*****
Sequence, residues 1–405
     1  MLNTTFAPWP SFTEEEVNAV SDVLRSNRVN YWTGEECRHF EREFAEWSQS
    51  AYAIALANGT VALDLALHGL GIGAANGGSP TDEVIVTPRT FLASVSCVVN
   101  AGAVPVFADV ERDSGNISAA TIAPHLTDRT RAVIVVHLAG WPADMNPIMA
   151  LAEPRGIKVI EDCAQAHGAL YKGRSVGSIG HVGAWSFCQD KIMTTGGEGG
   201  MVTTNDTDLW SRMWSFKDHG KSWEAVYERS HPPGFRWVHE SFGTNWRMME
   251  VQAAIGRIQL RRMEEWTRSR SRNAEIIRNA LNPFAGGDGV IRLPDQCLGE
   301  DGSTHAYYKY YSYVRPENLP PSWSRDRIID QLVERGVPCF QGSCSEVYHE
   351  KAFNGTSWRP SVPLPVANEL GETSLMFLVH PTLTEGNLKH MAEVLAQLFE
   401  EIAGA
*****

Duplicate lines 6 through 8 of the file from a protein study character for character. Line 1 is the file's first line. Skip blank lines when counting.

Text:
   201  MVTTNDTDLW SRMWSFKDHG KSWEAVYERS HPPGFRWVHE SFGTNWRMME
   251  VQAAIGRIQL RRMEEWTRSR SRNAEIIRNA LNPFAGGDGV IRLPDQCLGE
   301  DGSTHAYYKY YSYVRPENLP PSWSRDRIID QLVERGVPCF QGSCSEVYHE